“There are things in this world that are just out of our control. Sometimes we like to blame ourselves for them so we can try to make sense out of them.”
The second season of 24 fails to reach the heights of the first season, but is nonetheless a competent and consistent effort that consolidates the template that season one introduced. It solidifies the focus on counter-terrorism and reaffirms its commitment to Jack Bauer as the protagonist. Although the formula is occasionally altered hereafter, the fundamental premise remains unchanged for the duration of the series.
In doing so, the show essentially forfeits the opportunity to tell an entirely different story. 24 could easily have been an anthology series, presenting days in the life of various protagonists who deal with different environments, situations and circumstances. Instead, the show maintains the ‘race against time’ and ‘ticking time bomb’ approach that is anchored by the turbulent journey of its magnetic lead character.
This is not a criticism, but an interesting observation. Whether due to a lack of ideas or a reluctance to change the series too drastically after a successful debut, the writers and producers responsible for creating 24 made a conscious decision to keep the status quo intact. They made a decision to keep telling a thriller story about terrorism and political conspiracies, including the myriad physical challenges and emotional hardships therein.
A Prescient Threat
The first hour of season two quickly establishes that an Islamic terrorist organisation known as Second Wave plans to detonate a nuclear device somewhere in Los Angeles at some point in the next 24 hours. The magnitude of the threat is a noticeable shift from the relatively small-scale assassination plot of season one. Millions of lives are now at risk as opposed to a handful of specific individuals.
This is an important benchmark for the series – every season hereafter features weapons of mass destruction in some way or another. In hindsight, the show may have raised the stakes too high too early. This may have hampered its ability to tell compelling stories in later seasons where the trend of escalation started crossing into absurdity. On the other hand, it was arguably a natural stepping stone given the state of the real world at the time.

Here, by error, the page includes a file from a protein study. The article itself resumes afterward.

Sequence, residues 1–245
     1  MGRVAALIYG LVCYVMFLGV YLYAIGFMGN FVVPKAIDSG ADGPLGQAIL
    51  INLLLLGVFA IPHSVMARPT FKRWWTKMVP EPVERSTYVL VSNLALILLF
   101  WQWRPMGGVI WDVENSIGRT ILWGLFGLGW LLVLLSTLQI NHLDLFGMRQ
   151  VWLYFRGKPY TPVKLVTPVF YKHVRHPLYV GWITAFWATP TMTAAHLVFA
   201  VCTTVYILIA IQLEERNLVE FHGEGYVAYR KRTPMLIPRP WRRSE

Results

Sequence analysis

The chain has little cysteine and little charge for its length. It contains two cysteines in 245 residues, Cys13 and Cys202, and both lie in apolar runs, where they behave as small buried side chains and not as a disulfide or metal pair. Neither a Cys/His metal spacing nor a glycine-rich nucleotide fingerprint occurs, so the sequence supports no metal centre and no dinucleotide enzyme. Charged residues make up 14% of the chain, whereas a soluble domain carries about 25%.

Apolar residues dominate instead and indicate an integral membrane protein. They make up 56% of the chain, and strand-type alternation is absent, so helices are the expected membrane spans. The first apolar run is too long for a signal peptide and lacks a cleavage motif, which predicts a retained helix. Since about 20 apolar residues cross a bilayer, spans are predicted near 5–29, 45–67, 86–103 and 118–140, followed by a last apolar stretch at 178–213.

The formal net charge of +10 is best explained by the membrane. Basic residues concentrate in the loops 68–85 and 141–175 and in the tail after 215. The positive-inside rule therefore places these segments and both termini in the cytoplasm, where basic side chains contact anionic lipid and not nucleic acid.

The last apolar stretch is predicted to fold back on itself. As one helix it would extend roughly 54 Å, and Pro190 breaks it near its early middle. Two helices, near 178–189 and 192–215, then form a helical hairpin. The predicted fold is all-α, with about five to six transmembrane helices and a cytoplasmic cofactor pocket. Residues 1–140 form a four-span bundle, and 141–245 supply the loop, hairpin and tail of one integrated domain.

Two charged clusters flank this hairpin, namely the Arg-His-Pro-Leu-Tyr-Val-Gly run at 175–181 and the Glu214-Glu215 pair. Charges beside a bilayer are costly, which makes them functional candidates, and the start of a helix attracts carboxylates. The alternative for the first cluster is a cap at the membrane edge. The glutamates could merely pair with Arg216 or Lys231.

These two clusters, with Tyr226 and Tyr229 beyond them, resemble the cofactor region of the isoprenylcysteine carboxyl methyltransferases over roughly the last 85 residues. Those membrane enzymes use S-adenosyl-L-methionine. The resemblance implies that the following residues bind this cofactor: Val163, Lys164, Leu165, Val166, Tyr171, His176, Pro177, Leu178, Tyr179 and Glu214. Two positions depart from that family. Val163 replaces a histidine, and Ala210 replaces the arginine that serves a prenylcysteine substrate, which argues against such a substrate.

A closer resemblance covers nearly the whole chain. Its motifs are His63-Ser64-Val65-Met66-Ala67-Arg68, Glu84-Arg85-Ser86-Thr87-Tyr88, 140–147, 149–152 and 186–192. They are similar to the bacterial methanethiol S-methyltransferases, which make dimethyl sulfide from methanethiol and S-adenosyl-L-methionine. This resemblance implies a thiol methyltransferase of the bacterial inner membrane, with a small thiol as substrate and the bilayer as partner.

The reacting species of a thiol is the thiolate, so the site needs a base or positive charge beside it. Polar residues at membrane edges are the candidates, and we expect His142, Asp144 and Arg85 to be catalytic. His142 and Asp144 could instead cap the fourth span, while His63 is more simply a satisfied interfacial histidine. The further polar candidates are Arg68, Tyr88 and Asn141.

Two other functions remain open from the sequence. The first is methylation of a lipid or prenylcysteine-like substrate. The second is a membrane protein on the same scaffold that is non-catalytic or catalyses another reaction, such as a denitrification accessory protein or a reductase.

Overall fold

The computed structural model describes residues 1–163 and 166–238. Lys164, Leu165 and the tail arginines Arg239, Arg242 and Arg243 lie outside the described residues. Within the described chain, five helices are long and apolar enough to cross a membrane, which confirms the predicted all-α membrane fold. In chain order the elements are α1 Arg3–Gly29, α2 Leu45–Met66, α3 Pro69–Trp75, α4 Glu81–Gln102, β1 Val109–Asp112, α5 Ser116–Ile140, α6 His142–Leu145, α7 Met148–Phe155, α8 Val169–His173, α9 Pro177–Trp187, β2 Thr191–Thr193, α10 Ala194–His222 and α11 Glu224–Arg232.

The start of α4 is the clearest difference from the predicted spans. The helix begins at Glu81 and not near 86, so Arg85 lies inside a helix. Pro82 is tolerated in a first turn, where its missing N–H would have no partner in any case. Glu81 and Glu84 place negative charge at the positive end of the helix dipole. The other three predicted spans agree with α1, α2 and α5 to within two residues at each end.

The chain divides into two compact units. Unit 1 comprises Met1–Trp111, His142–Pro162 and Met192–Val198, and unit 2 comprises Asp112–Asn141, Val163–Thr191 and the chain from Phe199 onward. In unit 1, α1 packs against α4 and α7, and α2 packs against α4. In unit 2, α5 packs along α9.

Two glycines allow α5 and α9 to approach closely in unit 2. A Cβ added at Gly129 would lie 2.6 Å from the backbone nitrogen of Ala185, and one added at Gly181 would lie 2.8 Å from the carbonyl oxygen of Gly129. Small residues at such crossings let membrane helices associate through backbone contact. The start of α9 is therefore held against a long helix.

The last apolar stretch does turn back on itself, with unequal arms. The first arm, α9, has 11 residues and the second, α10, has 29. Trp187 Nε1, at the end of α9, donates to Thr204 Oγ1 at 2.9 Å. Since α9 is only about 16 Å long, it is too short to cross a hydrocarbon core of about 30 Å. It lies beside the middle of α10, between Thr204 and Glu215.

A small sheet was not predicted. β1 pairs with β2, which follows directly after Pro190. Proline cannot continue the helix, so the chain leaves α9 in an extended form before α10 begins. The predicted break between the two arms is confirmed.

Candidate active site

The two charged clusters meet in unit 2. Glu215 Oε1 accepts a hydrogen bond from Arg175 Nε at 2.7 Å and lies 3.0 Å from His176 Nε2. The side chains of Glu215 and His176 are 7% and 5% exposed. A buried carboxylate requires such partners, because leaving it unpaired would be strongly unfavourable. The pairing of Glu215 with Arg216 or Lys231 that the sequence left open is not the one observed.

Season two was the first to be conceived after 9/11, allowing it to more closely reflect the fears and anxieties sweeping American society. When the season premiered in late-2002, the most prevalent fear was the possibility that terrorists could acquire a nuclear device and detonate it on American soil. The show responded by presenting a hypothetical situation where that fear becomes a reality.
Season two also demonstrated a remarkable prescience, anticipating real-world events before or as they happened. For example, the story arc involving the Cyprus recording that falsely implicates three Middle Eastern countries in the detonation of the nuclear device in Los Angeles began just days after the United States invaded Iraq based on faulty intelligence pertaining to weapons of mass destruction.
This was almost certainly an unintentional coincidence, given that the scripts for those episodes would have been written weeks or months in advance. This was neither the first nor the last time that 24 seemed to predict and influence the future. Indeed, the successful election of Barack Obama in 2008 has been partially attributed to David Palmer, a character whose integrity made people enamoured with the idea of an African-American president.
The Curious Case of Season Two
Like season one, season two focuses on a single issue that generates a 24-hour response. The first fifteen hours focus on locating and securing the bomb while the remaining nine hours deal with the consequences of its detonation. A number of antagonists attempt to complicate the process for the heroes, including obstructionist bureaucrats, warmongering politicians, militant Islamic fundamentalists, and opportunistic oil tycoons.
Season two is well plotted, avoiding the issues that plagued the second half of season one. The plot develops unpredictably yet naturally, fluidly transitioning from one crisis to the next without losing sight of the central threat. This is an improvement over season one, which was forced to revitalise story arcs after the thirteenth episode. Generally, season two is less clumsy and contrived with its developments than other seasons.
The Kim storyline is an exception. Her melodramatic trials and tribulations grow tiresome, but they are a necessary evil that places the nuclear threat in a more human context. While other characters deal with the threat directly, Kim is an ordinary person whose escape from the city emphasises the urgency of the situation. Her interaction with other ordinary people, including Lonnie and Ramon, also highlights the volatile nature of the situation.
Fortunately, the weakest moments of the season are almost exclusively contained to this storyline. This one weak thread allows the rest of the story to maintain focus and intensity without wandering off and getting distracted by dozens of smaller things. It also fills out time, sustains the more important storylines, and gives Jack something personal to worry about without necessitating his involvement.
However, despite the strength of its plotting, season two is strangely unmemorable and uninteresting. The reasons for this are not easily discernible. Aside from Kim Bauer and her antics, there are few obvious low points and the rest of the story is remarkably consistent in quality. This requires us to deepen our understanding of what constitutes a strong and memorable season of 24.